We told you just yesterday about some new HDTV designs Samsung will reportedly bring to CES 2020 in a matter of days, building off the lead Samsung has carved out for itself in terms of top-notch picture quality that few TV manufacturers have been able to match in recent years. And where Samsung’s experiments with 3D TV and curved OLED panels never really caught fire, the company is hoping to have better luck this year with the introduction of something pretty intriguing — a new ‘zero bezel’ TV, and this just might be our first look at it below.

Bezels have certainly gotten pretty thin already on current HDTV models, but the German website 4KFilme published what it says are leaked renders showing how Samsung is preparing to get rid of those thin bezels altogether.

The site notes that Samsung is teasing these new 8K TV models with the slogan Experience the power of a future across all borders,” according to a translation of the site from German.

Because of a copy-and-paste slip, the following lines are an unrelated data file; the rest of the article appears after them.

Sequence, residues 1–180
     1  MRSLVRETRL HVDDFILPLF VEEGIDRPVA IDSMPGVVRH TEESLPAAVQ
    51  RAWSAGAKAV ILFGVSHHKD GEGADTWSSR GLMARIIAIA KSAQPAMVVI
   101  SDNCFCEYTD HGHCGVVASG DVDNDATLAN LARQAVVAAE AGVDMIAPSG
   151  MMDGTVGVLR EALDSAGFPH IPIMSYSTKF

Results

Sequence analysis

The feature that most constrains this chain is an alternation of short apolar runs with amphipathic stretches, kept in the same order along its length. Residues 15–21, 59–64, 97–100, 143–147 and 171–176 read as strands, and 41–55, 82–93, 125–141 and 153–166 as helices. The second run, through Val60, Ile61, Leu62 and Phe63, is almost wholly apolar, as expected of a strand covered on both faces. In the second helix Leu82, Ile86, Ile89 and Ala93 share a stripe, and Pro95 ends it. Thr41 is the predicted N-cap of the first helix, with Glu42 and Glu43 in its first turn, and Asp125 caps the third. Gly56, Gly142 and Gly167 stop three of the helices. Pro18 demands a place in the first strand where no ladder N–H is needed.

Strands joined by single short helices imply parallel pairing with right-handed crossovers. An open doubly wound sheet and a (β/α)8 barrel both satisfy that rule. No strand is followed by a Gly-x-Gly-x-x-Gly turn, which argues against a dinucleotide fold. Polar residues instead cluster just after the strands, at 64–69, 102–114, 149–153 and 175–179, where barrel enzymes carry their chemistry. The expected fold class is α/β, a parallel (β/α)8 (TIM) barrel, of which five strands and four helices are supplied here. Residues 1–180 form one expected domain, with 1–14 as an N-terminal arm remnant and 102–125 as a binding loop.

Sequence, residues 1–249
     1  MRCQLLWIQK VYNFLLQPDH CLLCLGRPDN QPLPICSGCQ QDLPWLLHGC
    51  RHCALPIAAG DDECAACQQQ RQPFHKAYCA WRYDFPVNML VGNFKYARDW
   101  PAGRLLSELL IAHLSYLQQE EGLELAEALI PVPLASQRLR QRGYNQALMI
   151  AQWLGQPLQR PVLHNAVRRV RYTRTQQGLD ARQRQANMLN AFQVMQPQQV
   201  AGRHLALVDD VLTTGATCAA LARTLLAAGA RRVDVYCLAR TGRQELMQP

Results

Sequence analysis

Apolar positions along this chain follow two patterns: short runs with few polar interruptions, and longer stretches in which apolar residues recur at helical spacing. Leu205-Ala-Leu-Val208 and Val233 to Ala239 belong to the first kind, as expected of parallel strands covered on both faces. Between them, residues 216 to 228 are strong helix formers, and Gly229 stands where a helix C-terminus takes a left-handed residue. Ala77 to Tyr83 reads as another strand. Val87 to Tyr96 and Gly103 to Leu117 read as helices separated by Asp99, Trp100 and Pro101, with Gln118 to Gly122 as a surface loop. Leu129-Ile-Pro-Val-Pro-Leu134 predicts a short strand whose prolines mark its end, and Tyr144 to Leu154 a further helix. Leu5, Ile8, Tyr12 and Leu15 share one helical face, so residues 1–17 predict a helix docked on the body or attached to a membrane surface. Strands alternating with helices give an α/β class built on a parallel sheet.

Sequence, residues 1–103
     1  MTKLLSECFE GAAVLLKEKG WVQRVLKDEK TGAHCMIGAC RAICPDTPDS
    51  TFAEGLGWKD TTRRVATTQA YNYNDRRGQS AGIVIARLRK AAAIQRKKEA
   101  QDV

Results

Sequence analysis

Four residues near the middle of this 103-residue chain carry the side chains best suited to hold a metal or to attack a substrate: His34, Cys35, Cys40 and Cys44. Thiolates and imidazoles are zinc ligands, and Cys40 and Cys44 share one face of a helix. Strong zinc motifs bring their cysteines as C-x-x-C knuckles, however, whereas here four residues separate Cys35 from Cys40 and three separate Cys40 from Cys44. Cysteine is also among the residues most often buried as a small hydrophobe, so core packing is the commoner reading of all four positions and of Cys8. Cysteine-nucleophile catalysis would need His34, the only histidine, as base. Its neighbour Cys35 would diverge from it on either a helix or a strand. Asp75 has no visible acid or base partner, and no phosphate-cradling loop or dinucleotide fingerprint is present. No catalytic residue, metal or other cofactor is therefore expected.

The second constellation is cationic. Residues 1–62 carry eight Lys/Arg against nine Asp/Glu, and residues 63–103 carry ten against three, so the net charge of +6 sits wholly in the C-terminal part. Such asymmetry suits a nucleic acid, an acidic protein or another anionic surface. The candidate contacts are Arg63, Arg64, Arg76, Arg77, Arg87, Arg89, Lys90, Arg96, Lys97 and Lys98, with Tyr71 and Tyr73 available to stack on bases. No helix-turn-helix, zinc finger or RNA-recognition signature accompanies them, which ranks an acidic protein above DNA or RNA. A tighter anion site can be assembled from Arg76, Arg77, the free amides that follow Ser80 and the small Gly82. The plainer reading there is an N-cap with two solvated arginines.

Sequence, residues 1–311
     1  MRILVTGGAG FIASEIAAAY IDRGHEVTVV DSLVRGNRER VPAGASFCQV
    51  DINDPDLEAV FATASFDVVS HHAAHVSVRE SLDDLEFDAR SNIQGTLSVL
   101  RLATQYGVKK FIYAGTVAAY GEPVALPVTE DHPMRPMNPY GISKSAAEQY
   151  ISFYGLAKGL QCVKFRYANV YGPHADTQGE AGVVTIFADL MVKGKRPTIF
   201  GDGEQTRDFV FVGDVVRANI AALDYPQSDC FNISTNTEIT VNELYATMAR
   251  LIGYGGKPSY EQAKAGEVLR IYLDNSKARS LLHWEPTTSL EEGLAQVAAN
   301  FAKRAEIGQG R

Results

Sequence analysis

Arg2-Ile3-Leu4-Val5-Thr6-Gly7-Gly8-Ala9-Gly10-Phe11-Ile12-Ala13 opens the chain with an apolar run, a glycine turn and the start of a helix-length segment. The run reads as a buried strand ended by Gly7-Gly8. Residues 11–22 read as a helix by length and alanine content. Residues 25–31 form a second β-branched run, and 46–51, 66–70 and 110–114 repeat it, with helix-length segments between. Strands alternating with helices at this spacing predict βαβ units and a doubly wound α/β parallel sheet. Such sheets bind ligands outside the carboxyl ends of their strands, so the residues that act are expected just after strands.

Image source: Samsung / 4KFilme

According to a report from SamMobile, which claims that this design will only be present on 65-inch-sized models and above, Samsung is able to achieve this by “welding the display panel and the TV’s body together” — a design achievement we’re excited to see in light of all the gimmicks that TV manufacturers have tried to get away with in recent years. Things like 3D TVs, as we noted above, and more.

While this won’t be the first time a company has marketed its TVs as bezel-free, those models in question still present a visible bezel, albeit a super-thin one. These new Samsung models, however — while we don’t know much else about them at this point, such as a release schedule or pricing scheme, we’re still looking forward to seeing what Samsung has been able to pull off here and how truly immersive the picture on these displays looks during their introduction at CES. Which kicks off, by the way, this coming Tuesday, and the annual tech conference in Las Vegas will run through Friday, January 10.

Andy is a reporter in Memphis who also contributes to outlets like Fast Company and The Guardian. When he’s not writing about technology, he can be found hunched protectively over his burgeoning collection of vinyl, as well as nursing his Whovianism and bingeing on a variety of TV shows you probably don’t like.